In addition to the cancer incidence study, the Department of Veterans Affairs in Australia completed a Mortality Study of Korea Veterans in 2003 and a Health Study in 2004.

The 2003 study reveals that more than half the army vets from the Korean War were dead. Overall, Korea War veterans from the three services had a 21 per cent higher mortality rate than the general population, comprised of Australian males about the same age as the veterans. The death rate from cancer of army veterans was 31 per cent higher than the general population.

Air force and navy personnel were not heavily impacted with illnesses by the Korean War. Air force personnel had a significantly lower mortality rate than the general population with the navy 11 per cent higher than the control population.

The report says that death from cancer from unknown primary site was elevated by 51 per cent. (Don’t know what unknown primary site is.)

Strength of study: Almost the total number of veterans was identified.

Weakness of study: Since 5.1 per cent of veterans could not be located there was probably under reporting of mortality.

The Korea Veterans’ Health Study, released in December 2005

  1. Australian vets drink and smoke more than control group
  2. 33 per cent meet criteria for posttraumatic stress disorder
  3. 31 per cent meet criteria for anxiety and 24  per cent meet criteria for depression
  4. 15 medical conditions appear 1.5 to 3.0 times more frequently to Korea veterans. They include asthma, high blood pressure, stroke, heart attack or angina, rapid or irregular heart beat, diabetes, liver disease, arthritis, kidney disease, melanoma, other skin cancer, stomach, duodenal ulcer, partial or complete blindness (not corrected by glasses), and partial or complete deafness.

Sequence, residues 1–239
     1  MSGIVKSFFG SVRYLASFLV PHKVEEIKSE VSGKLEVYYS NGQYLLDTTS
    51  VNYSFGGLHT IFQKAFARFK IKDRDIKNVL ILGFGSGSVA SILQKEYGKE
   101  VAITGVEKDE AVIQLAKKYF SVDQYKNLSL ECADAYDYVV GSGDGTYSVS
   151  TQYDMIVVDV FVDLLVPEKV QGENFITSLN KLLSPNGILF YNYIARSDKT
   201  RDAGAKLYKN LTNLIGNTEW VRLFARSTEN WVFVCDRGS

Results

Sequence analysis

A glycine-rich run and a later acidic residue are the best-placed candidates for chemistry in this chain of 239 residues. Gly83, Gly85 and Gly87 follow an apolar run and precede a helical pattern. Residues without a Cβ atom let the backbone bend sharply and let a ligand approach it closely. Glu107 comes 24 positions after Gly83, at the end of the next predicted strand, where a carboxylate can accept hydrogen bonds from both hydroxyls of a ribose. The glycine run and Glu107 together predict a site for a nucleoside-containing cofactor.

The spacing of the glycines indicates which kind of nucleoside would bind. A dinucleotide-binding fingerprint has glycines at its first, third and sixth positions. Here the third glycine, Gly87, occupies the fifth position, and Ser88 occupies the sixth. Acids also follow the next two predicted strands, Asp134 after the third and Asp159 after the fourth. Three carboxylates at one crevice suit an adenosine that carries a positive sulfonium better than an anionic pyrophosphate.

According to the study, Korea veterans are more likely to have been hospitalized in the last 12 months and had increased psychological and physical ill health over the control.

The main contributor to ill health: combat experience

Veterans experiencing heavy combat were 15 times more likely to meet criteria for posttraumatic stress disorder, anxiety and depression than soldiers who reported no combat experience. Soldiers who went to Korea after the ceasefire reported a lower rate of anxiety and stress.

Rank also played a role. Private soldiers were more likely to suffer from stress and depression than NCOs. Officers fared better than both groups.

Veterans who were 20-years of age or younger at the time of deployment were later to have reported higher anxiety and more drinking problems than veterans who were 31-years of age and older at the time of deployment.

Soldiers who had fewer years of service before deployment, who had served the full posting of one year, were also more likely to suffer from stress and depression.

Conclusions:
1. Veterans were more healthy than the normal population at the time of the Korean War but today psychological and physical health has deteriorated and they are less healthy.
2. The study suggests that the true magnitude from war service on health has been underestimated.
3. Some of the cancer can be explained by excessive smoking but much of it can’t.
4. Excessive alcohol consumption explains some of the mortality of Korea veterans.
5. More than 50 years after the war less than 45 per cent of the veterans are still alive.